Regarding his discussion of raising the GST; On the positive side at least South Australian Labor Premier Jay Weatherill IS saying there’s a revenue problem we have and not a spending problem. It’s good to actually confront that issue - and to prioritise health and education. The problem is that he's undermining Shorten on the GST – which could be crucial in the coming election. The best reply Shorten can come up with is promising to address BOTH the revenue problem and the Health crisis - including Aged Care. There are a host of possible measures. Hit superannuation concessions. Gradually rescind dividend imputation. Reform capital gains tax concessions. Rescind negative gearing. Restructure and increase the Medicare Levy. DON'T cut Company Tax.  Shorten has options! Outlining those options NOW - AS OPPOSED TO THE GST can answer Jay Weatherill's concerns re: 'the revenue problem'.   And we can then enjoy serious reform of Education and Health including Aged Care - where tens of billions new funding combined are necessary to make a serious difference. In response to the answering of those concerns Weatherill will probably then 'fall into line' on opposing the GST.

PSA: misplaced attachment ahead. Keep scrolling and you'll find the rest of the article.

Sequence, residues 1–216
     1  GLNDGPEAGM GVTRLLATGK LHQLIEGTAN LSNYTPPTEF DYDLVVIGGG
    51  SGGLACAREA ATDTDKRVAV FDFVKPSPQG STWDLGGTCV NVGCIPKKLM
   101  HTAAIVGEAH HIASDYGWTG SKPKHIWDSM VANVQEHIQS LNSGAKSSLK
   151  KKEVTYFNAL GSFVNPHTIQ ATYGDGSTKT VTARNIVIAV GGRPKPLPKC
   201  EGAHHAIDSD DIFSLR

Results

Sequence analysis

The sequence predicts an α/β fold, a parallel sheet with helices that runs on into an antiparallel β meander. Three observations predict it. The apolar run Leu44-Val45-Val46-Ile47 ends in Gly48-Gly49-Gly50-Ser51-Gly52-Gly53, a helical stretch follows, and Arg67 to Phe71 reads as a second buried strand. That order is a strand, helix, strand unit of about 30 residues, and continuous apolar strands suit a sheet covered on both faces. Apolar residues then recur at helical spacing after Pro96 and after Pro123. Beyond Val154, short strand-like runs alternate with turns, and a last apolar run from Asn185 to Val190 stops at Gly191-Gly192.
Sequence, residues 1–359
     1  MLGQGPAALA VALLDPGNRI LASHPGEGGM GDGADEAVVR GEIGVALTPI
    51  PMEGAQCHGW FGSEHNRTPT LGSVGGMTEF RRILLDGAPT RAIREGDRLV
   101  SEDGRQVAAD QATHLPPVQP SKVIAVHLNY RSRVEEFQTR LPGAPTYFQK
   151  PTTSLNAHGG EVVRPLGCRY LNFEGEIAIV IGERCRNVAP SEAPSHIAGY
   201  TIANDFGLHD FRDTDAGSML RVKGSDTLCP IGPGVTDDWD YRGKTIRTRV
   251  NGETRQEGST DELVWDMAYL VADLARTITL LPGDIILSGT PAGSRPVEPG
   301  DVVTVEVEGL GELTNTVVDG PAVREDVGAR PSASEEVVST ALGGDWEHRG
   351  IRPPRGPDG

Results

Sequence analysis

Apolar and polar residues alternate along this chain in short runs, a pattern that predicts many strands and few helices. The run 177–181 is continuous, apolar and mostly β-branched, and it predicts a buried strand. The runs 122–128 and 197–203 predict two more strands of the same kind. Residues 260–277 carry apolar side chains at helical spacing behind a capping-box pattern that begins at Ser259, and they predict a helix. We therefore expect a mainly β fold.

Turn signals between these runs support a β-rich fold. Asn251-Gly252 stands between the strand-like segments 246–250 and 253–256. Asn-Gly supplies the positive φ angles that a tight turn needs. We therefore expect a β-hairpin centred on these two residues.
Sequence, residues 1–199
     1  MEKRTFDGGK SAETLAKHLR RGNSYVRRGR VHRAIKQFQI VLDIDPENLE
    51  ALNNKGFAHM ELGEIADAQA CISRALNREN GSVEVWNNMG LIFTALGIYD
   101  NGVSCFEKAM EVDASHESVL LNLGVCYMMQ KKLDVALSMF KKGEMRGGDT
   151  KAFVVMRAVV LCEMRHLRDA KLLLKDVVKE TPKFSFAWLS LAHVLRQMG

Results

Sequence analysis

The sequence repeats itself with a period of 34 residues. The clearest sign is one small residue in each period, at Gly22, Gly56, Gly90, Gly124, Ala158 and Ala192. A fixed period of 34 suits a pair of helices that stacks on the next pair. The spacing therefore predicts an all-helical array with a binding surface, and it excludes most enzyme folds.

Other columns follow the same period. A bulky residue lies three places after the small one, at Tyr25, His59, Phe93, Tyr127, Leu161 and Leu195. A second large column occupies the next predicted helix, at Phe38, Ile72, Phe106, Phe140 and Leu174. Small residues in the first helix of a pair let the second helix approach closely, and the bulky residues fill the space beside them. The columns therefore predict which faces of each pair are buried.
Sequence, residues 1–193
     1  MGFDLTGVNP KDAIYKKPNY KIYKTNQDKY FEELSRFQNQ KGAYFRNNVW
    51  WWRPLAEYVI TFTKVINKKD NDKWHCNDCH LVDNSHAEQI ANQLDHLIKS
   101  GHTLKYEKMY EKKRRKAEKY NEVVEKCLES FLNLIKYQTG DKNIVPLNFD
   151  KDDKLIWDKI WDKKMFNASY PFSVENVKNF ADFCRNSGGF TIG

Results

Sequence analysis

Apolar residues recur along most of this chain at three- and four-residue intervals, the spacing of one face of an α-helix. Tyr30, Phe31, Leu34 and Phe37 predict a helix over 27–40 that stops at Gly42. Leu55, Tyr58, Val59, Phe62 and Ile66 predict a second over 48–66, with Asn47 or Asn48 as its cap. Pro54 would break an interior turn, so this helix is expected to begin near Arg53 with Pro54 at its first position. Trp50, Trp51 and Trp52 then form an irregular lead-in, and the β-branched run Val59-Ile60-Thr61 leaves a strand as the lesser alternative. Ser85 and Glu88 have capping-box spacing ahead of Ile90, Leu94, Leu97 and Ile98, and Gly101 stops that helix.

12 comments:

  1. The first thought that comes to mind when considering cutting super concessions for the wealthy is "where will they park their money to continue minimising their tax burden? I doubt they'll just give up and pay the balance.

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  2. Then you combine reform of Superannuation Concessions with reform of Dividend Imputation. And virtually no other country in the world has DI. Gradual rescission should not hurt the economy. But keep it gradual and you will avoid big economic shocks anyway.

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  3. Wonderful that the newspapers pretend to offer a letters editor and allow anyone to write letters to him ? her? The moderator on The Australian deleted all my strongly worded remarks on the industrial liberties of trade unionists! Suppose that in this world dissidents need to take opportunities use our civil rights letters petitions leaflets to the full!